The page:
When It's Not Just an App, But Your Entire Business
Test and Monitor | Posted October 27, 2015

Wandering on Angel.co is my favorite pastime. One gets to see all innovative things happening in the world of startups. My other favorite place is Co-foundersLab. Recently, I've seen a trend of explaining business ideas like 'Uber' for something’ or ‘Airbnb for something’. On one hand this show us that the business models of Uber and Airbnb are so popular and presumably ‘simple’ that startups are using them as a noun to explain their business idea. Some startups are going one step ahead and saying that ‘we are Uber’ing the way you do laundry’ or we are ‘Airbnb’ing your power tools’.  This WSJ blog post does a great job of covering most of these ‘Uber kind’ startups.

Or there are dedicated lists like this for ‘Uber for X’ app companies. Well, the business of shared economy and its future is a topic that deserves its own blog post or an entire book, like this one written by my favorite entrepreneur Robin Chase, the woman behind ZipCar, first of the shared economy kind.

Cloud first - Mobile first - API first?

I love startups and I support the motion of shared economy. However the other major trend seen in all these startups is that most of them are ‘only’ app-based. The whole business is a single app. We get it; it’s the ‘mobile first, cloud first’ world. If your app just doesn’t support your business, but it is the whole business, I demand your attention! You know how important is it to ensure that your app is up and available 24x7 and that all moving parts of your app are working smoothly every time and from everywhere. First time app developer or a savvy veteran, you cannot deny the significance of using APIs in App development.

If ‘Mobile first’ approach was the most significant trend in mobile development, the ‘API first approach’ is visibly seen as the underlying construct. Let’s see an example. If you are targeting the US market, your product can be only an iOS app, however if you want to go tap into foreign markets, you need to think about Androids, BlackBerrys and Windows devices of the world. The API - first approach enables the developers to be more platform agnostic and cater to different user needs as the business grows and crosses the boarders. Using APIs is a great alternative to in-house development for many reasons.

Why reinvent the wheel?

First, why reinvent the wheel when you can stand on shoulders of giants? By doing simple API integration you can save time and use that time to innovate; develop some other business critical feature for your app. The API-first approach leads app developers to use API Backend as a Service (BaaS).  Think of it as creating a single, reusable base for your apps and just changing the top part of it based on the platform. BaaS saves your time and money and helps you scale rapidly. According to this report from Markets and Markets research firm, the BaaS market is will be worth $7.7 Billion by 2017.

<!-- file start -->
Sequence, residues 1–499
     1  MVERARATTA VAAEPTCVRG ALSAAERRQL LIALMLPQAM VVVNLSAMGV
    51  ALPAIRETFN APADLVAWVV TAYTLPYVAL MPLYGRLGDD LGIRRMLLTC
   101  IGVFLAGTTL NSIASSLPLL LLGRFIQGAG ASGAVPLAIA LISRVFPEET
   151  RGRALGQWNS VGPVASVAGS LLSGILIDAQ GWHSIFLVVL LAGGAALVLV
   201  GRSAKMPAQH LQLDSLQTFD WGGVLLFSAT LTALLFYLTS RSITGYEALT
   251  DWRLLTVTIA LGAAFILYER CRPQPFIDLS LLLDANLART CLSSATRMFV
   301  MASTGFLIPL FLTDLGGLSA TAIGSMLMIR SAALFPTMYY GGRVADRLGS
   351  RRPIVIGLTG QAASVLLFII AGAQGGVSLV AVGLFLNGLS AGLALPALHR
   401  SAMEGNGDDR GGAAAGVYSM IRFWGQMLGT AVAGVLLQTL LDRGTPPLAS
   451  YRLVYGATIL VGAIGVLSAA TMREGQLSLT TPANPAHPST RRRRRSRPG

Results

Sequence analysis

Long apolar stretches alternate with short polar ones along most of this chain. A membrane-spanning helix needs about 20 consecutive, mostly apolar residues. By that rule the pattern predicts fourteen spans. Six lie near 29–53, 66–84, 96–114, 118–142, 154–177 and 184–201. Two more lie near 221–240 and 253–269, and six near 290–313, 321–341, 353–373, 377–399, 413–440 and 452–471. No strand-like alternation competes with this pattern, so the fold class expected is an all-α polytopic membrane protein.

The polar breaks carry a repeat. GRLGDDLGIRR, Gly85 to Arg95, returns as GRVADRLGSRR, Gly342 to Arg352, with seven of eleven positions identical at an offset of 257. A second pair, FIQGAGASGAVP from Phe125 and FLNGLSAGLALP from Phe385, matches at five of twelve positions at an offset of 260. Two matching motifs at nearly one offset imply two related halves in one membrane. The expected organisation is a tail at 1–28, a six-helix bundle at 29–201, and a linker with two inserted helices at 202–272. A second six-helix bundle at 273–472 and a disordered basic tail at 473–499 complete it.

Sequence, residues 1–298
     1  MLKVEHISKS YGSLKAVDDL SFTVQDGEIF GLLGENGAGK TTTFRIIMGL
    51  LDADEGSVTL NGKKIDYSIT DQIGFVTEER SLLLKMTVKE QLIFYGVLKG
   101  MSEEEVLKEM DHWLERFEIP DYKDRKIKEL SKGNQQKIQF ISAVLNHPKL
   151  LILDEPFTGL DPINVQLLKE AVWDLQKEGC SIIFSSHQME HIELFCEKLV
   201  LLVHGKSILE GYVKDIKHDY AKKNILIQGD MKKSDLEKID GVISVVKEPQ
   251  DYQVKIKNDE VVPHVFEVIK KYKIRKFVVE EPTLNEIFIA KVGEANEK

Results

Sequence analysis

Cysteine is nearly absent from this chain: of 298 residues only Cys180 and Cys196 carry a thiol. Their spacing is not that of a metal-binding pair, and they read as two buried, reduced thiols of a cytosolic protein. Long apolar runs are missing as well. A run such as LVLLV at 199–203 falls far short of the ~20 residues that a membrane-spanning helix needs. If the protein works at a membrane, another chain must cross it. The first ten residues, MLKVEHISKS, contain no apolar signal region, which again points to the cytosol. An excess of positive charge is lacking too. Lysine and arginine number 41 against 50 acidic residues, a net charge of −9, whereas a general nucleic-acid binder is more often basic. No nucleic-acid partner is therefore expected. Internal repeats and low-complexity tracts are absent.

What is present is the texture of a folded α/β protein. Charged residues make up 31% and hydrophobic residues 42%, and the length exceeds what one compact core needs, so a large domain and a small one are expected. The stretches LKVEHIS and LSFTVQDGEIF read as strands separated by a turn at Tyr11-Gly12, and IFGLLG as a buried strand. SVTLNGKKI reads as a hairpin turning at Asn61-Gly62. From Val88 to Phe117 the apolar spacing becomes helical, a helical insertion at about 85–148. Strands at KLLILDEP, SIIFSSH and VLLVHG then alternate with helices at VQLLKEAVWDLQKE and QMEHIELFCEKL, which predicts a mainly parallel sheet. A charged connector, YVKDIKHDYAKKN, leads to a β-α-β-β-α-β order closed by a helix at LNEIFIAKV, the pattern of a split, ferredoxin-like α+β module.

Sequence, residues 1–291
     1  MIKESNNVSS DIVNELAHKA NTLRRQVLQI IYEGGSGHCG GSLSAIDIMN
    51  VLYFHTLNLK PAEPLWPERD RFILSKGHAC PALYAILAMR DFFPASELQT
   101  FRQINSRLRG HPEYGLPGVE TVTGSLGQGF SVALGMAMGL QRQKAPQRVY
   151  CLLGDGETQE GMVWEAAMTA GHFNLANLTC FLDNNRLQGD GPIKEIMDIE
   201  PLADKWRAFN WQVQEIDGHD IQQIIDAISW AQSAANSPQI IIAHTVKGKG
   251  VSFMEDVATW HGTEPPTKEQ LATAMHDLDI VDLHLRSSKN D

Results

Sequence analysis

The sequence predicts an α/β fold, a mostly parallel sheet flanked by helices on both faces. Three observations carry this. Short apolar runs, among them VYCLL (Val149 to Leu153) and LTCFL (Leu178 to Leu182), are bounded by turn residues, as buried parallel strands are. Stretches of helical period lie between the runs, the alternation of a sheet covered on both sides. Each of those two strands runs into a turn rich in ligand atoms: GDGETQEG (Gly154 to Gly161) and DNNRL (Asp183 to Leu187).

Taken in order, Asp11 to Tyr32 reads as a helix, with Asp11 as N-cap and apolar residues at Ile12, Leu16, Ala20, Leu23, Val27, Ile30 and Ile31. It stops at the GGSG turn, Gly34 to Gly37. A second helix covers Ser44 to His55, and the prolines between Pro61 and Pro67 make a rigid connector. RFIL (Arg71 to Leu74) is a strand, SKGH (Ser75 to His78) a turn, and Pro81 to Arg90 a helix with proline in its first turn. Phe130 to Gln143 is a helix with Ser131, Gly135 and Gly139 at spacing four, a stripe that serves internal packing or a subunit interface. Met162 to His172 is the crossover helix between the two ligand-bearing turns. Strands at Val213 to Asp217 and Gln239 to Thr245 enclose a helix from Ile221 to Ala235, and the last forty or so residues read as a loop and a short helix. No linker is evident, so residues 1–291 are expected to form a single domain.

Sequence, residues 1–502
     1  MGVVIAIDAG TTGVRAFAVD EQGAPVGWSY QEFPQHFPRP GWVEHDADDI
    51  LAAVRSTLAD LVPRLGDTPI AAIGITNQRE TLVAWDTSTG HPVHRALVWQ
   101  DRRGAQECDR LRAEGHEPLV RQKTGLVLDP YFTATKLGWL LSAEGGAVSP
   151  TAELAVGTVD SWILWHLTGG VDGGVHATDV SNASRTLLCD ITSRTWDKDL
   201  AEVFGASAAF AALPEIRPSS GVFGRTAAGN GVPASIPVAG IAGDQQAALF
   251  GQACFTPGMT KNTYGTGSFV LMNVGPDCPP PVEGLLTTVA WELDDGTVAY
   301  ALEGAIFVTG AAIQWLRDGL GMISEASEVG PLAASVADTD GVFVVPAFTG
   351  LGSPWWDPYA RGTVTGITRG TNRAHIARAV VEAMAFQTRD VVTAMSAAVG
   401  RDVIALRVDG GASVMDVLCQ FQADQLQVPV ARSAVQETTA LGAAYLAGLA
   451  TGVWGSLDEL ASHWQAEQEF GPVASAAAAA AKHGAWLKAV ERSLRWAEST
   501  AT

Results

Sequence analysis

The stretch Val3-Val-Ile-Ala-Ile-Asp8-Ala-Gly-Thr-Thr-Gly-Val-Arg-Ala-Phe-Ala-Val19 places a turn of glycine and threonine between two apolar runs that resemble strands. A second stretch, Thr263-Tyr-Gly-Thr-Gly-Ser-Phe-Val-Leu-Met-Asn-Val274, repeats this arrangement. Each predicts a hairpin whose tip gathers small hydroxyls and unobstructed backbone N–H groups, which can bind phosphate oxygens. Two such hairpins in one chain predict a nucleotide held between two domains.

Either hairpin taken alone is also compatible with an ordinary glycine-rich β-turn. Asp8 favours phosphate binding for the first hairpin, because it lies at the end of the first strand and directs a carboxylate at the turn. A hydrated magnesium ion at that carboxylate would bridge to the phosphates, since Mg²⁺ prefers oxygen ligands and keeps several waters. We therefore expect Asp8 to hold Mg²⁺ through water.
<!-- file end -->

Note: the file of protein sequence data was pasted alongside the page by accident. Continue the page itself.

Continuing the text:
Focus on End UserFocus on the user and all else will follow

Second, using popular APIs gives your app the look and feel of other trusted companies. Using Google maps or Twitter functionality in an app comes as a second nature to the users.  Then why make an old dog learn new tricks? Show them what they want to see and let them use the functions which they are most familiar with.

 Be part of the community

Third, be part of the API community. If something in your app in house code breaks, who is to blame? It's difficult to put down a fore when you are alone. Figuring out everything from scratch is great but not when your entire business depends on that broken app. When you use public APIs you are Part of a big community. You can get help of other developers around the world. Companies are adopting API descriptors such as Swagger for REST APIs to describe the behavior of the APIs, making things simpler and more adoptable for API consumers.

And it works both ways! By opening up APIs to your product you foster innovation and increase overall efficiency. The fitness tracker device company Fitbit saved over $1 million in R&D when it opened its APIs in 2011.

Core vs. Context

Geoffrey Moore coined this term in his legendary book ‘Crossing the Chasm’.  Basically ‘core’ is the products/features/processes that contribute directly to the competitive advantage while ‘context’ is the one to fulfill commitments made to stakeholders within the company. Moore himself explained it clearly in this video. When you are in this ‘app only’ business and the differentiation between your offerings and the competitors is limited, identify what is core and what is context for you. The success of companies of the future will be determined by their growth and customer engagement. So don’t sweat the stuff that brings you basic functionality, concentrate on the differentiator.

You cannot manage what you can’t measure

Finally, now that I have kind of convinced you to use APIs for your awesome app and possibly a billion dollar business idea, let me tell you about the tools you need in your arsenal. 3rd party APIs are great for the reasons mentioned above and more, but their failures are most critical as they empower one or more components of your app. Ensure that they are not just available but responding as per your standards and are returning right data at right places. Try AlertSite API monitoring that covers all bases of API readiness, availability, performance and functional correctness.

Let us hear some of your tips for these ‘app only’ businesses.

Additional reading:

Top 11 misconceptions about APIs

The API is the invisible hand behind the internet of things

Don’t Let Third-Party APIs Fly Under the Radar